With two new royal parties in Westeros, the third power player prepares her next move: Daenerys Targaryen (Emilia Clarke). In her first act, the Mother of Dragons commands Daario Naharis (Michiel Huisman) to stay behind in Meereen to keep the peace in Slaver’s Bay, now renamed the Bay of Dragons. In reality, Dany and Daario both know the real reason for his new appointment: She needs to form alliances in Westeros through marriage pacts, and she can’t exactly do that with a lover at her side.
“I pity the lords of Westeros,” Daario says, as he bids her farewell. “They have no idea what’s coming to them.”
Later, Dany sits with Tyrion Lannister (Peter Dinklage), on the eve of their departure. He wonders if she’s afraid; her silence speaks volumes.
“Good,” he says. “You’re in the great game now, and the great game is terrifying. The only people who aren’t afraid of failure are mad men like your father.”
“Do you know what frightens me?” she replies. “I said farewell to a man who loves me, a man I thought I cared for, and I felt nothing … just impatient to get on with it.”
“He won’t be the first to love you, and he won’t be the last,” says Tyrion. “For what it’s worth, I’ve been a cynic for as long as I can remember. People ask me to believe in things — family, gods, kings, myself. It’s often tempting, until I saw where belief gets people. So I said no thank you to belief, and yet here I am. I believe in you. It’s embarrassing, really. I’d swear you my sword, but I don’t actually own a sword.”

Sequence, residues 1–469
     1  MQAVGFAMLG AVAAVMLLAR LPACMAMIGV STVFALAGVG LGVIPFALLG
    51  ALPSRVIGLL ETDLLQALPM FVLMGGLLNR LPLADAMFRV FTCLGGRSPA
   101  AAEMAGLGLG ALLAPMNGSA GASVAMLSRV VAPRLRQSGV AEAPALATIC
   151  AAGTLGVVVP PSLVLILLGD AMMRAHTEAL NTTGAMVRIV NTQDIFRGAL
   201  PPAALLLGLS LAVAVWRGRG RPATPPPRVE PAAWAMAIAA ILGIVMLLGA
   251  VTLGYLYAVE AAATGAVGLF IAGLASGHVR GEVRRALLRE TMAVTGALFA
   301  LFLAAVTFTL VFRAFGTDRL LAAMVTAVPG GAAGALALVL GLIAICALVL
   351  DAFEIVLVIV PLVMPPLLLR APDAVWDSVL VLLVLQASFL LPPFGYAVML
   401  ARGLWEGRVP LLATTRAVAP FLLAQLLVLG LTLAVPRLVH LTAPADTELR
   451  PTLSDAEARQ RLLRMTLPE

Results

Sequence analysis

Daenerys doesn’t need Tyrion’s sword, only his counsel. He promises that it’s hers, now and always. With that, Dany gives Tyrion a gift of her own: a pin.
“Tyrion Lannister,” she says, “I name you Hand of the Queen.”
With that, Daenerys and her forces gather up for Westeros, her army comprised of the Unsullied, the Dothraki and the Greyjoys — with an alliance with Ellaria Sand (Indira Varma) and Olenna Tyrell (Diana Rigg) brewing as well, thanks to Varys (Conleth Hill) working his magic. The final shot of the season is the moment fans have awaited ever since the first episode of the series…
Dany on a ship, bound for the Seven Kingdoms … and season seven officially cannot come soon enough.